Thwart DNS Hijackers: 5 Tips
Domain name system attacks hit The New York Times and Twitter hard last month. Here are five ways to make your DNS records harder to hack and easier to recover if they're compromised.
In light of the recent domain name system (DNS) hijacking attacks on The New York Times , Twitter and Huffington Post, it's important for CIOs to take a closer look at their DNS security strategy -- and to be able to respond quickly if their company is attacked.
DNS records are basically sets of instructions that help connect your website to the outside world. The following five practices make these records harder to hijack and easier to recover if they are compromised, thereby reducing the damage attackers can cause. When DNS records are hijacked, a company must be able to get them back as quickly as possible because once the malicious records hit the caching servers, it becomes much harder to undo the damage.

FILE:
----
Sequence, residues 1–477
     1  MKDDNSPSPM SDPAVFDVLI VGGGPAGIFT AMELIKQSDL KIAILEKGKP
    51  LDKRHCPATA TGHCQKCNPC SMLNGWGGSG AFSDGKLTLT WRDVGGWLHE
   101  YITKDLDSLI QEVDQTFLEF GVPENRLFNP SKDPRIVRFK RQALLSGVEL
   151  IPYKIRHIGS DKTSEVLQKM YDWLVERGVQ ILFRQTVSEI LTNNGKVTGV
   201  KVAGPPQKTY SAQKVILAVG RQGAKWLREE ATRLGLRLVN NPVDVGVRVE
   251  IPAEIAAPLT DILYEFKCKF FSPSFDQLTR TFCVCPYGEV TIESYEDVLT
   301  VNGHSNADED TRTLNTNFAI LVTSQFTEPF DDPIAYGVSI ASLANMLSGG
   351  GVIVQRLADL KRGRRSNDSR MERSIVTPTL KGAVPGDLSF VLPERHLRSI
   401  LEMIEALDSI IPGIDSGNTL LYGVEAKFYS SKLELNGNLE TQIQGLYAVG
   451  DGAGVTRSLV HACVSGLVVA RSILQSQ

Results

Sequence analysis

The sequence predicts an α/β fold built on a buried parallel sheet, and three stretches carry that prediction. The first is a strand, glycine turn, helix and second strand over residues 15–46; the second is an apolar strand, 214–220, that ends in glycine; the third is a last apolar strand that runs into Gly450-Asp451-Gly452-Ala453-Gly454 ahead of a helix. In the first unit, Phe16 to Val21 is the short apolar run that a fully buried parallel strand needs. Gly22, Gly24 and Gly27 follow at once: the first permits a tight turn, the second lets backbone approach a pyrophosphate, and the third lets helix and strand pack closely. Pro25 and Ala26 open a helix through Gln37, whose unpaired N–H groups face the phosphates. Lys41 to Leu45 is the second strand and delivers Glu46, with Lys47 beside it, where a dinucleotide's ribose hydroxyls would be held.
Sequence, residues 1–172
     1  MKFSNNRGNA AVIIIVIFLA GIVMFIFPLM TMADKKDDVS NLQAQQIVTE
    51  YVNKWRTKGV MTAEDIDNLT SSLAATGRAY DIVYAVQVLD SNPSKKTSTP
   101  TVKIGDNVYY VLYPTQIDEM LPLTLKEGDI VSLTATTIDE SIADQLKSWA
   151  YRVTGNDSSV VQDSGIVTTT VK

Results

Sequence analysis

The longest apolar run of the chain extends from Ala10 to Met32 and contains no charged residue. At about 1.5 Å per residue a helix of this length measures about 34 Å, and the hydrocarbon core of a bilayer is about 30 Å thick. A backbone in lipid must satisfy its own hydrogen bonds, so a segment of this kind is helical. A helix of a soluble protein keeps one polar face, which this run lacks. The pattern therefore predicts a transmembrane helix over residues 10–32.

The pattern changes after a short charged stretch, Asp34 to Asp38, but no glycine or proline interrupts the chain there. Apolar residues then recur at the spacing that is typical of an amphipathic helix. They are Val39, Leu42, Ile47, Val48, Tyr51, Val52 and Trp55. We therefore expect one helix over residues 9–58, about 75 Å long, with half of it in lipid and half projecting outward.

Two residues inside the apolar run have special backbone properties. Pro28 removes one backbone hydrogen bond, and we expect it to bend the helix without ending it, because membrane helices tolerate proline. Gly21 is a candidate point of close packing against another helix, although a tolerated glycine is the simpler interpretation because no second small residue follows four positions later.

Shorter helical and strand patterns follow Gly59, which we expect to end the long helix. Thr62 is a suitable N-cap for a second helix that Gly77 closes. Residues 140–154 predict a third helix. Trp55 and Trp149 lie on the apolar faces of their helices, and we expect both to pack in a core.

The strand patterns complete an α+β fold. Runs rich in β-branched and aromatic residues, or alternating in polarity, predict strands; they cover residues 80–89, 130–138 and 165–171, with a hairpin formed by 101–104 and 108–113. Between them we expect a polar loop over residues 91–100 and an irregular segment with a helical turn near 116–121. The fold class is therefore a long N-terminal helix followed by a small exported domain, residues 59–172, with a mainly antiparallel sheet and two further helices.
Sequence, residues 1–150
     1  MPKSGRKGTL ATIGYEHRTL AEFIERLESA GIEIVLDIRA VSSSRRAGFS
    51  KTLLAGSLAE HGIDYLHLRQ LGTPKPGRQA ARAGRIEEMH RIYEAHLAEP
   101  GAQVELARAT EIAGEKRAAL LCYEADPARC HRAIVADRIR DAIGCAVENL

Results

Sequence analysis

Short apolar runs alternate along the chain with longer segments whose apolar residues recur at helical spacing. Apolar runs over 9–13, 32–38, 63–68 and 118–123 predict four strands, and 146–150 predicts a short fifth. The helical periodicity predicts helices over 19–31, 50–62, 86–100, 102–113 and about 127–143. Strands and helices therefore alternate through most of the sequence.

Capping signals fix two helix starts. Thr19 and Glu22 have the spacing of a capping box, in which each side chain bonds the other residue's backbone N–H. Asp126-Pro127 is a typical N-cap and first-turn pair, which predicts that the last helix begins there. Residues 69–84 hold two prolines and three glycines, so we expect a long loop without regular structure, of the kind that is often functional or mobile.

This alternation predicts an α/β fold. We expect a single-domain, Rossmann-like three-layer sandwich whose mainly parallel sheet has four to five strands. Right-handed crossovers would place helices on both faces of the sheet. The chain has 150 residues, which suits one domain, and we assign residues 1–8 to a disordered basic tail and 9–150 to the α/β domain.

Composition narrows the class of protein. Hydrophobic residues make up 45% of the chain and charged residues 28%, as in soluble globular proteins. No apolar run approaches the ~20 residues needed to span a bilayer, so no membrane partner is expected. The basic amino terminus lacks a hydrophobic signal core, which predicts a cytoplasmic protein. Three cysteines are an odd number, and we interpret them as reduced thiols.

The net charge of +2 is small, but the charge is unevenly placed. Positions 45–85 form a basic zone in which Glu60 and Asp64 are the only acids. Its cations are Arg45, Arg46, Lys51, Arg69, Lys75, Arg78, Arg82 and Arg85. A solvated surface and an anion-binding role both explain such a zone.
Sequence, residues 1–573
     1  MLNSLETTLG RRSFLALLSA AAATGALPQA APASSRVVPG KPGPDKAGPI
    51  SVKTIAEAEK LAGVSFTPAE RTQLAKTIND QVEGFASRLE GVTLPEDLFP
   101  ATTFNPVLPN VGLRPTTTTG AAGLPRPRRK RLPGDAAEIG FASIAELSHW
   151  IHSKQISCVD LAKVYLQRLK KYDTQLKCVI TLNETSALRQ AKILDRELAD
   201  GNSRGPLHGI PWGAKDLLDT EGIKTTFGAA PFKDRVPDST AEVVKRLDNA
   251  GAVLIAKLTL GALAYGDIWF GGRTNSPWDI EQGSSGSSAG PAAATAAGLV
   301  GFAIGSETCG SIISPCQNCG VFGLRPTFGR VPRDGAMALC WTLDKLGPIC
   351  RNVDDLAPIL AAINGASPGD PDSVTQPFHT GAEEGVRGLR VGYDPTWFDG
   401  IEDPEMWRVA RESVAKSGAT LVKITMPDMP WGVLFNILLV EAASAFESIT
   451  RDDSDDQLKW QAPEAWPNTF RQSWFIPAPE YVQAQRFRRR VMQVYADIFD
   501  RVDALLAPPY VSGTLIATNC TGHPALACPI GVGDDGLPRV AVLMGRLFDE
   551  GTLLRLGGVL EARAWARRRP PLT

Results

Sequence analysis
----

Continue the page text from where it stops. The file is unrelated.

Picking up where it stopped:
1. Use best practices for credentials that allow changes to be made to DNS records.
Your whole service is only as secure as the security of the password to your DNS registrant account. Ensure that access to accounts used to update DNS records is limited to as few people in your organization as possible. Make sure to use hard-to-guess passwords, and avoid reusing passwords at all costs.
2. Revisit the choice of DNS provider regularly as you grow.
Many companies, particularly start-ups, frequently choose DNS registrants and DNS service providers based on a combination of their pricing and the ease of setup and use. Sometimes that means the DNS provider doesn't have much information about the owner other than a username and password used to identify the account. In cases of social engineering attacks or compromised passwords, it might be hard to reclaim the domain.... Read full story on InformationWeek
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